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Peter Wallenstein

lawyer, was born Lavinia Marian Fleming in Warwick County, Virginia, the daughter of Archer R. Fleming, a blacksmith and former slave, and Florence M. Carter. She grew up in Newport News, Virginia, with her parents and her brothers.

In the early 1910s she worked in Newport News as a stenographer for a black banker, notary, and real estate agent, E. C. Brown, president of the Crown Savings Bank. In 1910 she married Abram James Poe, a waiter; they had two children. For a time around 1920Marian Poe worked in the office of Joseph Thomas Newsome, a black attorney. The experience convinced Poe to become a lawyer.

Success would not come easy. The law schools in Virginia—Washington and Lee University, the University of Virginia, and the University of Richmond—excluded black applicants. Few black men in Virginia had become lawyers, and Virginia law before 1920 ...


Carl A. Wade

was born Orlando Montrose Thompson, son of Joseph Thompson (schoolmaster) and Rachel (Green) Thompson in the parish of St. James, Barbados. After working in Barbados as a bookkeeper for several years, he left the island for the United States in 1907. In the U.S. he often used the names O. Montrose Thompson and Montrose Thompson.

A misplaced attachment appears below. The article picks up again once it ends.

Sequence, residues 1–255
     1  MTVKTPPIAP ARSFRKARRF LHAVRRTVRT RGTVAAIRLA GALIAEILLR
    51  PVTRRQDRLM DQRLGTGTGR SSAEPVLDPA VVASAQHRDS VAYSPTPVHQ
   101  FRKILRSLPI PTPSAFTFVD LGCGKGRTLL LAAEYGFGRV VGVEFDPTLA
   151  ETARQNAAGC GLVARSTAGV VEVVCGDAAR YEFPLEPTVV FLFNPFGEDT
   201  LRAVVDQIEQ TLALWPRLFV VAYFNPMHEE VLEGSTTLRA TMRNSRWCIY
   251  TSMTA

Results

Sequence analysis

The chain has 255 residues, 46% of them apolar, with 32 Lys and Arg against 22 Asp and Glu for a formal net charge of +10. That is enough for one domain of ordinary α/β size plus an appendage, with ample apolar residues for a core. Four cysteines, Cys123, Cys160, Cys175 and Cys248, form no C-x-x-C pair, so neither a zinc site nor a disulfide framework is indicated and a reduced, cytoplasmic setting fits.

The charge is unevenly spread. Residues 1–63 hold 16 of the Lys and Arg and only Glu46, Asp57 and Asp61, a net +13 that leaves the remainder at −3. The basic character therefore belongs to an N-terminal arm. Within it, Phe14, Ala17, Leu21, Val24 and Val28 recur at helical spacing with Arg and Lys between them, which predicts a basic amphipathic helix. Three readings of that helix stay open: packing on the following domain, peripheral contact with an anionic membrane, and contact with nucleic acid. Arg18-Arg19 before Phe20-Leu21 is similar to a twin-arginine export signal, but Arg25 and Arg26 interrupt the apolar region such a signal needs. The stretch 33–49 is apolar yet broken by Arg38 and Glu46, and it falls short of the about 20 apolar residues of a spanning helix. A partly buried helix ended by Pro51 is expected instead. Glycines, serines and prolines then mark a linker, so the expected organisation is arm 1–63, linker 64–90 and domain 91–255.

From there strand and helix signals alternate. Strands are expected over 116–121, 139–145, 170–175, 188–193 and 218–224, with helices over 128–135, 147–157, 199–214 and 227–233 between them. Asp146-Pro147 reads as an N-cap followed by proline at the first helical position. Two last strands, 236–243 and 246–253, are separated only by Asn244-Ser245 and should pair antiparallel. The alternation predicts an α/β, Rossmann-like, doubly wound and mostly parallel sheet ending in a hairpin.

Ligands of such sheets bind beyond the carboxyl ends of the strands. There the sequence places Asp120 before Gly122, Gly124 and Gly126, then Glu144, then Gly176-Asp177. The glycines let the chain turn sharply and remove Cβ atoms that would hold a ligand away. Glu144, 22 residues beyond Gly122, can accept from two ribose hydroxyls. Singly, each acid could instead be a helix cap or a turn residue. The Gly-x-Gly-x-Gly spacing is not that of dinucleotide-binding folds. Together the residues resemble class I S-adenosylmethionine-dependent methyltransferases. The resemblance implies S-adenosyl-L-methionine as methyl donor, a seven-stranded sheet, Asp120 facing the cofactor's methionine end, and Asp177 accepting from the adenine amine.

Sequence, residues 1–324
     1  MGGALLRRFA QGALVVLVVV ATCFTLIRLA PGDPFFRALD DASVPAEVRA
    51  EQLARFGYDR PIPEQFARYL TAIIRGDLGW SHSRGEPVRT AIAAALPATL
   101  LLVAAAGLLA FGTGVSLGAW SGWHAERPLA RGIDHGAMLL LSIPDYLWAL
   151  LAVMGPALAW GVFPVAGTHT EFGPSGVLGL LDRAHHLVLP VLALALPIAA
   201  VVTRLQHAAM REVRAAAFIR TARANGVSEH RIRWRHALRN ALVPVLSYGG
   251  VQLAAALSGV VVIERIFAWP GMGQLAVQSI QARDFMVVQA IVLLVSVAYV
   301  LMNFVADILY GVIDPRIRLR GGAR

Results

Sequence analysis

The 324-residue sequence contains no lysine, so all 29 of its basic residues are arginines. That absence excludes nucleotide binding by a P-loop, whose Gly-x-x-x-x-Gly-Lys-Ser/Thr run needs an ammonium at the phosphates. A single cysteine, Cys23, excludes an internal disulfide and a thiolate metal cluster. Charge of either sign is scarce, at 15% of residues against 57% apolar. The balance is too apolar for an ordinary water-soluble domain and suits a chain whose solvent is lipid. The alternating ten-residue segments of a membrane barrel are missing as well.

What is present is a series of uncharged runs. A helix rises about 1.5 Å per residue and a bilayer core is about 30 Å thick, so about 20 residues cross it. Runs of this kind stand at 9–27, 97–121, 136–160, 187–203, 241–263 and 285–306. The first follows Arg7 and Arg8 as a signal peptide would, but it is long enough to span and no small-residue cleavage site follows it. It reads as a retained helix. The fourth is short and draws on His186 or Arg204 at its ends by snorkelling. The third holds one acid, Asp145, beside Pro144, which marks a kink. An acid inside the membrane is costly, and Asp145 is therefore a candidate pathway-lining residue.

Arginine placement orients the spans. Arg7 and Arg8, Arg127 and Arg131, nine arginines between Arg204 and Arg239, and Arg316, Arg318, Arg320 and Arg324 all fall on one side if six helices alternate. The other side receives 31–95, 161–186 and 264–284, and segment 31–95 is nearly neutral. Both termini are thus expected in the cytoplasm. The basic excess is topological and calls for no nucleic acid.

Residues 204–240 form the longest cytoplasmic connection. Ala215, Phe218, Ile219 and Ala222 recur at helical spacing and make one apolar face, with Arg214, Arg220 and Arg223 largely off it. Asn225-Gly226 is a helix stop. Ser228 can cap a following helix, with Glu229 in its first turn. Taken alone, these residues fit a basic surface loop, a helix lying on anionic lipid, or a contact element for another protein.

He attended night classes at DeWitt Clinton School, New York City, from 1907 to 1908, and in 1909 graduated from the Ontario Business College in Canada, having completed a ten-month course in six months with outstanding grades and a personal recommendation from the president of that institution. During that year Thompson, who was also an organist, started work as secretary to the manager of a theater in New York City with duties that included writing music.

He married Estelle Melville Morgan—also a native of Barbados —in New York City in May 1912 ...